If child support has been established but a parent did not pay support for several months/years prior to the child support amount being established, is it possible to go back to court and request arrearage payments if they were not included in the support order?
Family Law Attorney
In certain circumstances a court can order support retroactive to the birth of the child. However if the court has already entered an order, it is very unlikely that they would go back.
This answer is provided for general purposes only. If you need legal assistance you should consult with an attorney. If you wish to discuss the facts of your case with me, please feel free to contact my office via the information below. Please note that neither my response to your question nor your contacting of my office creates an attorney-client relationship. Christopher Tamms Tamms Law Office, LLC 6457 Reflections Drive; Dublin, Ohio 43017 Phone- 614-859-9529 email@example.com
Divorce / Separation Lawyer
Given the facts expressed, and an assumption that you are not talking about arrears resulting from non- or under-payment between the time of the filing for the establishment or modification of support and the issuance of the support order, the short answer to your question is: no.
First, under Ohio law, a court can only order true retroactive support (e.g., reimbursement for birthing expenses, necessaries, etc.) at the same time time that paternity is established, and even then only under limited/qualifying circumstances.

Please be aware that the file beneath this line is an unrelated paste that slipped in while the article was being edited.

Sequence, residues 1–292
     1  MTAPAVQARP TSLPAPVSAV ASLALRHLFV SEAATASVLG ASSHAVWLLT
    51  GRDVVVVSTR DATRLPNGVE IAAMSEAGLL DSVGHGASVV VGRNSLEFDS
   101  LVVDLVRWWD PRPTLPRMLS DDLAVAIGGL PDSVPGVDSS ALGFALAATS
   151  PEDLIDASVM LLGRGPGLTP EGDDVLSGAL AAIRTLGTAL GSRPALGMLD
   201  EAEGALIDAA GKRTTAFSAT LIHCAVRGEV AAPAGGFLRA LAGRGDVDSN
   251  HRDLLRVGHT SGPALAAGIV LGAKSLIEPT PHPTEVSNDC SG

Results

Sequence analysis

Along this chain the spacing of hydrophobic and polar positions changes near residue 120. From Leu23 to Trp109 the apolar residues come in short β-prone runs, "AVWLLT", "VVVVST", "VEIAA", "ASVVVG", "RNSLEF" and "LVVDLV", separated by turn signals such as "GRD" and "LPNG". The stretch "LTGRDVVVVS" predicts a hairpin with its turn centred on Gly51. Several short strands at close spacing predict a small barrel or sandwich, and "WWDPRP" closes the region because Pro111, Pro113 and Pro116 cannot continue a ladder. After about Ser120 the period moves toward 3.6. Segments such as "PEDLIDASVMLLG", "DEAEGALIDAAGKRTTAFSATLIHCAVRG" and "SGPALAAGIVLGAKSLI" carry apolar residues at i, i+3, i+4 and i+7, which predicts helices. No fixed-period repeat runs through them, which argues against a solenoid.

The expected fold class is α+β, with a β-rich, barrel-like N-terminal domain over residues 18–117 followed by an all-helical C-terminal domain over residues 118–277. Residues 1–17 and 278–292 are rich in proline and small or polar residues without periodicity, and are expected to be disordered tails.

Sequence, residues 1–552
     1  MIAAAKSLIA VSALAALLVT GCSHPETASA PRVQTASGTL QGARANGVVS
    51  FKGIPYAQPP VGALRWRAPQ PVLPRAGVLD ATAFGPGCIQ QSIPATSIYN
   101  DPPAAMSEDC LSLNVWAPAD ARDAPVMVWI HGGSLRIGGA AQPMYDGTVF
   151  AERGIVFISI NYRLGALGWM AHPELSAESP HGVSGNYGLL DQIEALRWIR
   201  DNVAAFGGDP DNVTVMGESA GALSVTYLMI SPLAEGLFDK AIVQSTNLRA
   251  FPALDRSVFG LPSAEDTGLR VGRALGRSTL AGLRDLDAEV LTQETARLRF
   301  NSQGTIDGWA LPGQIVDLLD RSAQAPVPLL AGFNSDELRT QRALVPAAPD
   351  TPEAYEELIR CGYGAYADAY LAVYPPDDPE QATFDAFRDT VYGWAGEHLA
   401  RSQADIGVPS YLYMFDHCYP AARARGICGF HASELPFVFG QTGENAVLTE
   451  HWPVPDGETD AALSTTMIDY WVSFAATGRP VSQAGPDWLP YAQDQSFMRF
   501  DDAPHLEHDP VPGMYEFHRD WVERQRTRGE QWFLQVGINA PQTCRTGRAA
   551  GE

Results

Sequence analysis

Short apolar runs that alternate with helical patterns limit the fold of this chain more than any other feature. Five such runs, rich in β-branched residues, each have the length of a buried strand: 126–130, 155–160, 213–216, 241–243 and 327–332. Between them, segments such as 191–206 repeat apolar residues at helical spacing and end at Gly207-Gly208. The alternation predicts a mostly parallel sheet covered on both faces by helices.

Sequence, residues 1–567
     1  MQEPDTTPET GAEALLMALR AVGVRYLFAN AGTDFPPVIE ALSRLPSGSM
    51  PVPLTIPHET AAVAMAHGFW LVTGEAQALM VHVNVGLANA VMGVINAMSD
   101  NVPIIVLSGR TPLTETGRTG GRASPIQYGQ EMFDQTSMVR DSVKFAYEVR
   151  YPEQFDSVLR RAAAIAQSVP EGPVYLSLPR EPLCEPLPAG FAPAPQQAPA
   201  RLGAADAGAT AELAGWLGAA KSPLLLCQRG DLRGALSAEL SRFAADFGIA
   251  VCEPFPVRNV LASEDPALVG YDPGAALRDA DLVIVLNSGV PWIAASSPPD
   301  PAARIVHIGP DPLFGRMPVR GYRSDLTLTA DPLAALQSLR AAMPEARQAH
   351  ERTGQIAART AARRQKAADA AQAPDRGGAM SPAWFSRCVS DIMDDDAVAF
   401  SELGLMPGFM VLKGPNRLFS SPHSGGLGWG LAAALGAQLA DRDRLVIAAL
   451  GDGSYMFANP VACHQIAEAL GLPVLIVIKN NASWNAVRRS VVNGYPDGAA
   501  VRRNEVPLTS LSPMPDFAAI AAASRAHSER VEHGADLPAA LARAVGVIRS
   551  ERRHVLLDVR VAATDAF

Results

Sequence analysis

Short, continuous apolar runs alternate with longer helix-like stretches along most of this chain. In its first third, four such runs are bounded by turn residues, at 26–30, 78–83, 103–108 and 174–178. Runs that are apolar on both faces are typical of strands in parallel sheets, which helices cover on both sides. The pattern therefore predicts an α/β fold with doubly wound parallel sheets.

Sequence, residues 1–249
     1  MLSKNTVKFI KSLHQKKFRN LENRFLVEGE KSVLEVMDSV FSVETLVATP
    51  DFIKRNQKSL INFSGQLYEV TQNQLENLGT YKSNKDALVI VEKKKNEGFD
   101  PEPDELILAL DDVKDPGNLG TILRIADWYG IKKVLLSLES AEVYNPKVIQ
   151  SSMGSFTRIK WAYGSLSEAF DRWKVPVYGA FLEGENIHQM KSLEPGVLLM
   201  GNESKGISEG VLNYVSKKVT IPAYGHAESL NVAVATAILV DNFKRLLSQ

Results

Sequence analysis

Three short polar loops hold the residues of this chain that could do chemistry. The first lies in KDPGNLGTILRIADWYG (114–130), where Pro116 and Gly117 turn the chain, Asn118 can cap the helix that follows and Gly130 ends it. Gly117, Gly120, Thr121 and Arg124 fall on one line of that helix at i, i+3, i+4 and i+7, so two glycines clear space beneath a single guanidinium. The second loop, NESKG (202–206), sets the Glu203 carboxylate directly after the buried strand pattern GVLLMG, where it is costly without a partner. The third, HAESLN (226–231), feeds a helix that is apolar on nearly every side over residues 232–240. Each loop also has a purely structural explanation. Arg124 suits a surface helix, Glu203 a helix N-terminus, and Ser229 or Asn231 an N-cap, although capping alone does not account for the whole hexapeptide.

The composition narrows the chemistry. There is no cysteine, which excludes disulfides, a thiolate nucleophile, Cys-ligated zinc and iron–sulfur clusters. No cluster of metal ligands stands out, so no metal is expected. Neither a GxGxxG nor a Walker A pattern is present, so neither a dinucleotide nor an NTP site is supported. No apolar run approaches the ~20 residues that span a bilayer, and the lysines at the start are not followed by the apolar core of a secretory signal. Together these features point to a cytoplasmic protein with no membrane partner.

Second, support can be "retroactive" in the sense that once a motion to establish or modify support is filed, the court can order the current support obligation "retroactive" to the date of filing. In such a situations, in addition to the amount of the current support obligation, courts order an amount specifically dedicated to liquidating the arrears, if there are any.
Under the scenario you've described, paternity has been established, a support order has issued, and you are asking about pursuing support, not for arrears between the time of requesting and establishing support, and not for non- or underpayment since the establishment of support, but rather for support prior to the effective date of the initial support order. I can't imagine a scenario where that would be possible.
Please note: my motto is "often wrong, never uncertain."
4 lawyers agree